When it comes to product labeling, the law is often the factor determining what brands can and cannot claim, and having final say on when promises cross the line into impermissible territory. The relevant rules are in flux, with new decisions and suits bringing on status quo changes that companies of all kinds will have to cope with.
When it's time for a label redesign, brands have to make sure they aren't venturing into disallowed territory, which is a great reason to keep an eye on the latest court cases involving nutritional promises. Designing and printing new labels only to find they're out of step with the latest consensus could be a costly mistake for any company.
The New York Times recently reported the verdict in the case of consumers versus Kraft. The large food brand, along with retailers Target, Wal-Mart and Supervalu, was taken to court over one particular promise: "100 percent grated Parmesan cheese." The plaintiffs stated that the presence of filling ingredients made of cellulose rendered the 100 percent cheese claim factually untrue.
The federal court, presided over by U.S. District Judge Gary Feinerman, has decided the company is in the right. The judge stated that the fact that the cheese doesn't require refrigeration before it is opened is a clear sign that it has preservative ingredients. The claim's vagueness also helped it in this case, as Feinerman noted that the "100 percent" could apply to whether the whole product is Parmesan, or if it is all grated.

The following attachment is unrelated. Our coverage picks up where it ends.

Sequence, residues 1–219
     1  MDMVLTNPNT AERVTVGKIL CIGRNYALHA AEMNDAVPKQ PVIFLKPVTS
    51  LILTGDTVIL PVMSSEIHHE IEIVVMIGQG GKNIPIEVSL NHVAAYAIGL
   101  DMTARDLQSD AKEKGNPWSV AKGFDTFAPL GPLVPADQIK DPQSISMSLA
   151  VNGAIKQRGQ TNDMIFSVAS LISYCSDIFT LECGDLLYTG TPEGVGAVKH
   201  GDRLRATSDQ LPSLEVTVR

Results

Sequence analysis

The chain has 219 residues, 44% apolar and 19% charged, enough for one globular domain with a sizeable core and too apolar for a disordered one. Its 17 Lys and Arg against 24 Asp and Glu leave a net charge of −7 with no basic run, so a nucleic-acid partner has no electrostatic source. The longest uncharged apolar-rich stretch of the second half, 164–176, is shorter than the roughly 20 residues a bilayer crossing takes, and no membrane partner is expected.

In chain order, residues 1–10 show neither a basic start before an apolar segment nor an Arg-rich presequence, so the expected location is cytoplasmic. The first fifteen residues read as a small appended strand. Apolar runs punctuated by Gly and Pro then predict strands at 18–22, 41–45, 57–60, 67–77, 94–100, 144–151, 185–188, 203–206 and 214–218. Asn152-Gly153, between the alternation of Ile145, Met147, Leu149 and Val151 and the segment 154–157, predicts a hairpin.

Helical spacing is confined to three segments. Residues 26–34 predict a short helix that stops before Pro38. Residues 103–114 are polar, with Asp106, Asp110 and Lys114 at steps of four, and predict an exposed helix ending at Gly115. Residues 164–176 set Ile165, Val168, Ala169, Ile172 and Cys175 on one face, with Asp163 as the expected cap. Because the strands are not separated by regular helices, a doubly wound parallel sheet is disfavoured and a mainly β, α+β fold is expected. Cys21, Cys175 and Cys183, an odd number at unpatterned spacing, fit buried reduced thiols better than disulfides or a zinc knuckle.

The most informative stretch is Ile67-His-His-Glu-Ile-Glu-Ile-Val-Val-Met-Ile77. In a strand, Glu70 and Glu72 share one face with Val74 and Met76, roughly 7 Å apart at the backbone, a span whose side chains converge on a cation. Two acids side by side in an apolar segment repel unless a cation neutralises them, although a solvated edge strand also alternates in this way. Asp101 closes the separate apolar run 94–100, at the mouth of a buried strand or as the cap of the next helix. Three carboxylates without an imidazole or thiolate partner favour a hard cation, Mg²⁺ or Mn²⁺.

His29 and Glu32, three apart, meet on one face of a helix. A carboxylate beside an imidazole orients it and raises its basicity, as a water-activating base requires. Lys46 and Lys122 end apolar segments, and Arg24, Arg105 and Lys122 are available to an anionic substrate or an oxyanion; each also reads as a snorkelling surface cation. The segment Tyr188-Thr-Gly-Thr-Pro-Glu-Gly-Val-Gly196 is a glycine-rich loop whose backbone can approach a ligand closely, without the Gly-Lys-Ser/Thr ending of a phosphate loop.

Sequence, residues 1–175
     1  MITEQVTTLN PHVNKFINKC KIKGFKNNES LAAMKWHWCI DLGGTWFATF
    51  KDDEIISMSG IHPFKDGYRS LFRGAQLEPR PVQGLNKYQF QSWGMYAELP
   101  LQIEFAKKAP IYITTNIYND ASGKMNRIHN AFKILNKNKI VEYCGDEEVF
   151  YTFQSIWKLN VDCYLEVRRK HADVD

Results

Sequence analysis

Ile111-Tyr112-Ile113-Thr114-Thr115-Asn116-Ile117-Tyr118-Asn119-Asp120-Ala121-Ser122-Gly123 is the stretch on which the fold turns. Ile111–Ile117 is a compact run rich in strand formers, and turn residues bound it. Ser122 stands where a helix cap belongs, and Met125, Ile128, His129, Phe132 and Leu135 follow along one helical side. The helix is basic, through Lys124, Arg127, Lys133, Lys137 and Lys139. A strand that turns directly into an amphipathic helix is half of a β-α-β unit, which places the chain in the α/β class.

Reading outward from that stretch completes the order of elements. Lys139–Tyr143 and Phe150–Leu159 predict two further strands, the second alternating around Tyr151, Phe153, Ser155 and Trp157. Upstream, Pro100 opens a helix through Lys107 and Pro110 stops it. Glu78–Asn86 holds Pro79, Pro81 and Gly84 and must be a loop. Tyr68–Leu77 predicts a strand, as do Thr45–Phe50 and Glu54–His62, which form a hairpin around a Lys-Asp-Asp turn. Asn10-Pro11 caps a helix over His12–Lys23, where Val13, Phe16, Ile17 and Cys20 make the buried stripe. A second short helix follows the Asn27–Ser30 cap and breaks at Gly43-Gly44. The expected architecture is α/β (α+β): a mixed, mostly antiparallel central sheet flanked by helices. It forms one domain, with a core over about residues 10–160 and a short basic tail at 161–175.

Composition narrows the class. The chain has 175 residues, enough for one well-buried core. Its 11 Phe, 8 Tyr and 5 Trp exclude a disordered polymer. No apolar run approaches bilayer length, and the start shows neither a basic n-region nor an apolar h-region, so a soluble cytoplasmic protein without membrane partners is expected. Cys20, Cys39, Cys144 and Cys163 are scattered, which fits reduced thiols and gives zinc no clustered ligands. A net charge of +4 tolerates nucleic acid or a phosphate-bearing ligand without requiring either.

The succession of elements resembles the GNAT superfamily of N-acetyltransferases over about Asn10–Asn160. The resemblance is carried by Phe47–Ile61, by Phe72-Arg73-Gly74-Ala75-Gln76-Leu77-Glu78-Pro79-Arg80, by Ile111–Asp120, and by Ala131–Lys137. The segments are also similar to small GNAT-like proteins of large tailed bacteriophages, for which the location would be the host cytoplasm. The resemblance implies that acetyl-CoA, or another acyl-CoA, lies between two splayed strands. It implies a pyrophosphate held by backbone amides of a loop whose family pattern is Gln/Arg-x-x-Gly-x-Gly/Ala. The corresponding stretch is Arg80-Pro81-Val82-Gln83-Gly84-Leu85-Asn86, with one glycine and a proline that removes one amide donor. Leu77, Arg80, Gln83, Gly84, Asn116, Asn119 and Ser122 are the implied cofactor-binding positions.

Back at the beginning of the Kraft action, over a year ago in May 2016, The Chicago Tribune noted that it is part of a trend – consumers and their lawyers are brining more cases against food producers, taking issue with the promises on their packages. The newspaper reported that the end result of all these suits remains to be seen. They may usher in an age of greater transparency, or simply generate legal fees.
When It's Time to Relabel
Once companies get squared away on the latest labeling rules governing their particular corners of the food production sector, it's time to ask whether it's time to refresh labeling. A product that hasn't received a change in some time may not be living up to its potential as a last-minute sales device. Everything from a well-chosen color scheme to salient nutrition promises can attract shoppers.
Producers that want to bring their labeling operations in-house need professional-quality printers to ensure quality doesn't suffer. They can look up options such as the Primera LX1000 – check it out in Argon Technology's U.S. store or Canadian store.